After they drying process our soaps are then shrink wrapped and labeled. We hope to get in the back and get more of our soaps made this month. Soap making is not easy to do when the shop is busy because of all the measuring, and when the batch starts to turn to soap, it has to be poured immediately. When we do get some made I will have some small pieces that I will offer as samples. I have used hand-made soaps and body products for over 10 years now.. and because it has made such a big difference in my skin I want to encourage others to experience it as well.

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Published in: on March 13, 2010 at 1:07 am  Leave a Comment  
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Eggs-Actly PrimiTive

I enjoy searching the net looking for ideas and products related to Country and Primitive decor. I like to make things myself.. when I have the time.. so like to check out patterns. These Primitive Easter Eggs are darling in this small basket. The price of the pattern is only $4 and you get her staining recipe as well. Make up several to use around your home in baskets and bowels. Click on the picture or HERE for the site to order.

According to the site, this egg pattern kit is a ‘No Sew’ pattern. This might be a good project to do with kids. The eggs are beautiful and the rich colors would be great in any Prim home. An old basket, some grass or straw and these rustic eggs and you have a nice touch for the coming season. Click HERE or on the picture to check out the sellers web site.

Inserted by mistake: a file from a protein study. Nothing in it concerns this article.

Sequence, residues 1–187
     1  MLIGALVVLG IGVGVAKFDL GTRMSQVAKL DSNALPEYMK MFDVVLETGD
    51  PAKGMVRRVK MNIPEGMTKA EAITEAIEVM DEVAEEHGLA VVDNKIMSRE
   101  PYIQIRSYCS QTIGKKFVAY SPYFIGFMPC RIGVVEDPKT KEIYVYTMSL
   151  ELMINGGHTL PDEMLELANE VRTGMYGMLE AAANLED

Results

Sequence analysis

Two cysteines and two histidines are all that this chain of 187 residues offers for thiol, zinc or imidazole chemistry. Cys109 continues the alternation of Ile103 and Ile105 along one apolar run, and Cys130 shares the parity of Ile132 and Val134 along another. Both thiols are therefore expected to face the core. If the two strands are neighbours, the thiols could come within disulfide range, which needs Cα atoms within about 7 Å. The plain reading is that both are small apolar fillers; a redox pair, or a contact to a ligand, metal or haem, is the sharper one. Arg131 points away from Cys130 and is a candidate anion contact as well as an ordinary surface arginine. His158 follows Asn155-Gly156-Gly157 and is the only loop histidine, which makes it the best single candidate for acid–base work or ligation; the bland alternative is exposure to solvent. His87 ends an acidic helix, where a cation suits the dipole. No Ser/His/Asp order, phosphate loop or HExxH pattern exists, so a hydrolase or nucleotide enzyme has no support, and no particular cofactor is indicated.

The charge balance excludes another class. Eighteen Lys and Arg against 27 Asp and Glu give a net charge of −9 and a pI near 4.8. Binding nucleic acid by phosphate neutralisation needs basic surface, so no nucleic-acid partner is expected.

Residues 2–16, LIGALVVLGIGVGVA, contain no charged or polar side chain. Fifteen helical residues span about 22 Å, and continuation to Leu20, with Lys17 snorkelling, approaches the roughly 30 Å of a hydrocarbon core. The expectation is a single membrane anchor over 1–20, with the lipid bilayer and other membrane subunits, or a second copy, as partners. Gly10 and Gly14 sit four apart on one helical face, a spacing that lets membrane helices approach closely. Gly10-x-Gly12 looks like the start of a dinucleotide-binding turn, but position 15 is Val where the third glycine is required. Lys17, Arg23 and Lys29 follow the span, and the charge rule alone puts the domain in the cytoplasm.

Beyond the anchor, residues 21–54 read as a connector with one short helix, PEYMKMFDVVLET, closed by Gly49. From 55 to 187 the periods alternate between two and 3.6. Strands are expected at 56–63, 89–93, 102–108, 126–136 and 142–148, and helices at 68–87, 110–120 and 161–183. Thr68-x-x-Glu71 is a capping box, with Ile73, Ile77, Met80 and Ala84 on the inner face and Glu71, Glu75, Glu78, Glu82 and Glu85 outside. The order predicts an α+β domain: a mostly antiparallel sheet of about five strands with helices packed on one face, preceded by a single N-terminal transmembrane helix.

While you are on this site check out the articles and the rest of the information contained on the site. I have been here before I have gotten a lot of info here.

Another very nice site with lots of great patterns. These eggs are very cool and I fell in love with several of the patterns on the site as well. I particularly love the Woolie Sheep.. and am tempted to get that pattern for myself. I just don’t know when I will find the time to make them. Maybe when I get moved later this year I will have a few evenings to myself.. lol.. time to wake up from that dream. 🙂 anyway, click HERE to visit the site and enjoy.